Traditionally, 'o'opu were trapped in nets as they washed past, or a stream was temporarily diverted into adjacent lowlands, where fish could be gathered easily or stocked for future consumption. Unfortunately, overfishing and human interference with streams have made 'o'opu scarce, and today state regulations prohibit catching them with traps or weirs.

These small fish have been a Hawaiian delicacy for centuries, and among freshwater varieties, o'opu nākea are considered outstanding in both taste and size (as large as twelve inches). Chubby cheeks and bulging eyes make o'opu nākea resemble lizards, and thus they were kapu to families having the mo'o, a legandary giant reptile as their 'aumākua.

For more info about o'opu nākea, visit the Bishop Museum's Waipi'o Valley Stream Restoration Study page. While you're there, check out the other creatures that call Hawaiian streams home.

*The above information was correct as of 1989. For more information about state regulations on fishing, including permitting and licenses, please visit DLNR Division of Aquatic Resources.

Taken from "Hawaii: A Calendar of Natural Events"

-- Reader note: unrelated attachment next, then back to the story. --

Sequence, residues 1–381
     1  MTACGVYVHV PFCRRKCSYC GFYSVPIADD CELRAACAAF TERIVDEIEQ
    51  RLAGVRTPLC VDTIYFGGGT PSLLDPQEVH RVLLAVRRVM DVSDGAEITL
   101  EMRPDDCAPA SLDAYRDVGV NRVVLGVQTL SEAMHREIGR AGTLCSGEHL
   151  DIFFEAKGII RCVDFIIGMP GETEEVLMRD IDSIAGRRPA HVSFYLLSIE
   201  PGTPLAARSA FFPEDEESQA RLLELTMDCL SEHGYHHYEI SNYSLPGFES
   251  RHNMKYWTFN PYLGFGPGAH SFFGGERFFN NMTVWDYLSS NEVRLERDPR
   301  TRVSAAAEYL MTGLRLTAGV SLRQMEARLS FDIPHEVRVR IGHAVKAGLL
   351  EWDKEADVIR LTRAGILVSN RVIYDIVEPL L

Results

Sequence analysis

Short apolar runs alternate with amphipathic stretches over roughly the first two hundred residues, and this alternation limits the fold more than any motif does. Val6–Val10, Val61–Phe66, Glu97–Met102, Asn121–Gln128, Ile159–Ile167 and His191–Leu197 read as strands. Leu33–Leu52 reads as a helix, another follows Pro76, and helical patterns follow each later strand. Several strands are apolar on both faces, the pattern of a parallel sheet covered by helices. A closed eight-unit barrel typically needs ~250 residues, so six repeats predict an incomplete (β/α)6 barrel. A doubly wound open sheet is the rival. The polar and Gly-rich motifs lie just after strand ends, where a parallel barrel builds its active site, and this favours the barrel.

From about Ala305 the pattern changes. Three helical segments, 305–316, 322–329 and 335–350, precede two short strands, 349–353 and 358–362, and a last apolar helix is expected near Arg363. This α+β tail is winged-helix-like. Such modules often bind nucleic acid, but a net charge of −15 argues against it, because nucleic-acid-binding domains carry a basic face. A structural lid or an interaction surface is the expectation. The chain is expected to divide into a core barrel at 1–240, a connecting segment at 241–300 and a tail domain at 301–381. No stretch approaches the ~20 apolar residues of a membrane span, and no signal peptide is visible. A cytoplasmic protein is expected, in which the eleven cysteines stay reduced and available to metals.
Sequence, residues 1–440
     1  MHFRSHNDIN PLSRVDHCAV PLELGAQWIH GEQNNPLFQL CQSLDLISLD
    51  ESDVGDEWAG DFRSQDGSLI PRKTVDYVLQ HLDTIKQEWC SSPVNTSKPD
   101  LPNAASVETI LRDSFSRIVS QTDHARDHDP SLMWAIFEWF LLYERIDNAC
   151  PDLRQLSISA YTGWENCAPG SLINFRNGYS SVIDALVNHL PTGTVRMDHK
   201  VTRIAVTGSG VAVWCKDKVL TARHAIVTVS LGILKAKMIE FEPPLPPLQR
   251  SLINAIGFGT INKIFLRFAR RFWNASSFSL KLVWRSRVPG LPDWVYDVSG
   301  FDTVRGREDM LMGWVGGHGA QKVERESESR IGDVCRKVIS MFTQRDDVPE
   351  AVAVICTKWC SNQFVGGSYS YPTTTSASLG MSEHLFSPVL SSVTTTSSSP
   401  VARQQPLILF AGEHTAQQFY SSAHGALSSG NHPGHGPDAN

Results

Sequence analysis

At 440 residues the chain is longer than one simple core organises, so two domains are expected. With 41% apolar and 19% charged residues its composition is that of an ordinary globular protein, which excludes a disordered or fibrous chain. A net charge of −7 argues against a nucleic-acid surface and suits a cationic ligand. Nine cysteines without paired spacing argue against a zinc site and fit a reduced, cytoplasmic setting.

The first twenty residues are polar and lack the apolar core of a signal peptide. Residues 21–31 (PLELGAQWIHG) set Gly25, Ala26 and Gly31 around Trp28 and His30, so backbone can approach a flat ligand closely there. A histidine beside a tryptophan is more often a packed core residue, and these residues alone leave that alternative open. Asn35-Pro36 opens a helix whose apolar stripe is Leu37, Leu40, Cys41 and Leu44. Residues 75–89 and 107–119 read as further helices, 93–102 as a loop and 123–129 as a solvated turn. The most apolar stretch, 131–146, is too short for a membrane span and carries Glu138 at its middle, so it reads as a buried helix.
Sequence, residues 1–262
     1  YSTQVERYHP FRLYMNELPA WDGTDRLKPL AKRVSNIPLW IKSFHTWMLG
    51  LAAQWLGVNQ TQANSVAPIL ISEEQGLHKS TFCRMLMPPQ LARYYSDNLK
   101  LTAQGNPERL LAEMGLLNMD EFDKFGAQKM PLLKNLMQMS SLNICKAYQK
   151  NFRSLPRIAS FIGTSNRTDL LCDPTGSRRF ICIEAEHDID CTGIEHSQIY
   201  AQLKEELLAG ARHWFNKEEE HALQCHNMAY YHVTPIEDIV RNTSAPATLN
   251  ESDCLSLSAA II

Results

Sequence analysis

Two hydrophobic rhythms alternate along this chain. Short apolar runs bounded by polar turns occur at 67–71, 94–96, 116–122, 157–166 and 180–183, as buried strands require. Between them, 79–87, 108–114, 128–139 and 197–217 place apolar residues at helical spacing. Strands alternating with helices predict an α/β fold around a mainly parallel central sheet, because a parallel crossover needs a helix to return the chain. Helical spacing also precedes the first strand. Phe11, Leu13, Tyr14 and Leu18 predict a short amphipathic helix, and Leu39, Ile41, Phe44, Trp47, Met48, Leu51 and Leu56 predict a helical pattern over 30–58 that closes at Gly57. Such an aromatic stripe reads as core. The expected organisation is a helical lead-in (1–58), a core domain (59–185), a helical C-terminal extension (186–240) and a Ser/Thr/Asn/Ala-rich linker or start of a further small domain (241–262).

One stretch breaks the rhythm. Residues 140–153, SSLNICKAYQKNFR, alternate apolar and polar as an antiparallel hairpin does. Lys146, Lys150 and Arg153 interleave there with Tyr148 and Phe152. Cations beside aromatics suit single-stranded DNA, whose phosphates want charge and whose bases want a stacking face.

published by the Bishop Museum and Kamehameha Schools in 1989

Monday, July 13, 2009

This Week in Nature: The 3rd week in July

What's Happening in Hawaii
during the 3rd week in July:

"Pala ka hala,
momona ka hā'uke'uke.

When the pandanus fruit ripens,

the hā'uke'uke sea urchin is fat."

Hala (pandanus) fruit

Hawaiians used the orange fruit of the hala tree (pandanus) as a signal to search for sea urchins that are fat with eggs at this time of year.

Hā'uke'uke is a type of sea urchin with blunt or very short spines. A common purple variety (see below) clings to rocks in surging inshore waters, while the one depicted above, hā'uke'uke 'ula'ula, is a reef-dweller.

Purple sea urchins at Kaena Point
Photo: C. Tucker

In another proverb, ripe hala fruit is given as a cue to look for uhu, the parrot fish, which feeds on sea urchins and may be fatter or more accessible now than at other times.